Dean Review Consultation Questions

Written submission to Dean review

Submission number: DR-92

Name of organisation making submission: DR-92 Ontario General Contractors Association (OGCA)

Dear Mr. Dean:

On behalf of the Ontario General Contractors Association (OGCA), we would like to provide you with the following written comments for consideration in your review of the Ontario College of Trades (OCOT).

The OGCA represents the 193 member companies working in the general contracting industry and are responsible for over $10 million of work in 2014 in Ontario.  We operate on many fronts to improve the general contracting industry in areas including health and safety, education, excellence, contracts and procurement and skilled trades.

Our members are a mix of those who are signature to building trade unions and open shop firms.  The concerns we have for the direction taken by the College are jointly shared, regardless of firm size or affiliation with construction unions. We do not view this as a labour relations discussion but of a government agency being accountable to deliver economic and social programs in the public interest.

OGCA was an early supporter in the creation of the College.  We believed that the opportunity was to recognize the skill challenges and needs and act as a catalyst to provide vital research and promotion of the trades.  It was positioned to serve the public interest in assuring skills training would be made available to meet the needs of our industry and support the growth of Ontario.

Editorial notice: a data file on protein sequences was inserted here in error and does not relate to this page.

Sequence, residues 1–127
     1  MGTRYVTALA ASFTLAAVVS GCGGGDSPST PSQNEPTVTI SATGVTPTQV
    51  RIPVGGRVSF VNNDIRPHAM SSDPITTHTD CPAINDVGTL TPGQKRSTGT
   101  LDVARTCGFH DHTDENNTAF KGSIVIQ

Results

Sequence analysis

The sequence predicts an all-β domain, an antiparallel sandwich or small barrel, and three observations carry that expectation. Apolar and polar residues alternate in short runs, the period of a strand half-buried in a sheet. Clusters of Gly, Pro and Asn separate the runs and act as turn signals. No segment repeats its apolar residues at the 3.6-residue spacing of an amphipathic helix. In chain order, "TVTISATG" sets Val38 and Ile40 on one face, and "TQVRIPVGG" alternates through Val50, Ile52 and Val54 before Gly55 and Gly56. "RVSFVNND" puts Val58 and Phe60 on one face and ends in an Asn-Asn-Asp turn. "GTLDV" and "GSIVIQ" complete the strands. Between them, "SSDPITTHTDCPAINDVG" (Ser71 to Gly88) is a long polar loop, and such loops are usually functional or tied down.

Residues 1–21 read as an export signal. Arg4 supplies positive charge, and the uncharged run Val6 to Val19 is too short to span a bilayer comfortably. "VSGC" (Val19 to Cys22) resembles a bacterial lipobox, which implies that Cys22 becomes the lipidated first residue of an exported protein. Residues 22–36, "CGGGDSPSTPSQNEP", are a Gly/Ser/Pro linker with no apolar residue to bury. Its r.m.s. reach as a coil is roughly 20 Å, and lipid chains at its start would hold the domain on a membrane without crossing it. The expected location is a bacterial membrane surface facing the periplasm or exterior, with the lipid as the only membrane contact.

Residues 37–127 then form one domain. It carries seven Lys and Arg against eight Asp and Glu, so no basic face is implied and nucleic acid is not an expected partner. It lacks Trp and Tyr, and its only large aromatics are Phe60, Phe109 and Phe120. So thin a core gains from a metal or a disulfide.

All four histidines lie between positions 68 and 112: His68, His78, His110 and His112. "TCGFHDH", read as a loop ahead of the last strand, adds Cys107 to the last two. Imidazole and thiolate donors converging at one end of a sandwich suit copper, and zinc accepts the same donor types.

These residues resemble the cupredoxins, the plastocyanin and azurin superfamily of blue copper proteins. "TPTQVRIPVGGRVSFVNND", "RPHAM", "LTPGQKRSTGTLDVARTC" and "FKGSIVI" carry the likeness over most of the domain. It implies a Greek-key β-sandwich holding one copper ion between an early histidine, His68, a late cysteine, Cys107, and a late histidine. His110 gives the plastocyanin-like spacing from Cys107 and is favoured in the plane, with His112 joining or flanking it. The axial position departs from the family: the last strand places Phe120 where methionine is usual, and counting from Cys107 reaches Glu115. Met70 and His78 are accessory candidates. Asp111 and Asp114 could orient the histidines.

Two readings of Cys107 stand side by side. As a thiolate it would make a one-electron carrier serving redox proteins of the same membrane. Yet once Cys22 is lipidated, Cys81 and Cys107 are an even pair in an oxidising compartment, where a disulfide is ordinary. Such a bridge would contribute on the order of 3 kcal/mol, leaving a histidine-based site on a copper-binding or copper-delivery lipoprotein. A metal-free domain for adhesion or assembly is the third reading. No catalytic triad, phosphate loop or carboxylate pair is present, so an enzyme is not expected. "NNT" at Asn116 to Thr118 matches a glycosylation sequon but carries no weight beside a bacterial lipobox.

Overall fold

The direction of the OCOT has met none these expectations and if the current direction continues, it will reduce access to both training and trades. The OGCA has no faith in the College to act in the interest of contractors, tradespersons or the public interest. We are asking for bold leadership from the Reviewer to make recommendations that will reorient its function and direction.

OGCA has joined with other construction industry associations to commission Dawson Strategic to produce a background research, “Modernizing Ontario Skilled Trades System”. This is a broad discussion about the economic and regulatory challenges handicapping the development of skilled trades. It is a reflection of the type of discussion that should have been encouraged by the OCOT. It doesn’t directly address the specific issue in the Consultation Guide but instead speaks to the reality of the construction trades and the need for pragmatic solutions to a growing challenge.

The OGCA is an active member of the Ontario Skilled Trades Alliance (OSTA) and has participated in the development of their submission which we fully support. Attached is their submission with comments on the questions you have posed in the Review Consultation Guide.

We will not repeat the OSTA observations and recommendations in this submission.  Please refer to the OSTA submission for these individual comments.


On page 10 of the Consultation Guide you state:
 “The privilege of self-regulation granted to the trades comes with the responsibility of   putting the interests of the public ahead of the interests of the trades”.

  We support this statement as we believe the OCOT has tended to act for narrow self-interests that may be in conflict with the interests of those in the trades, those attempting to enter the trades and the public.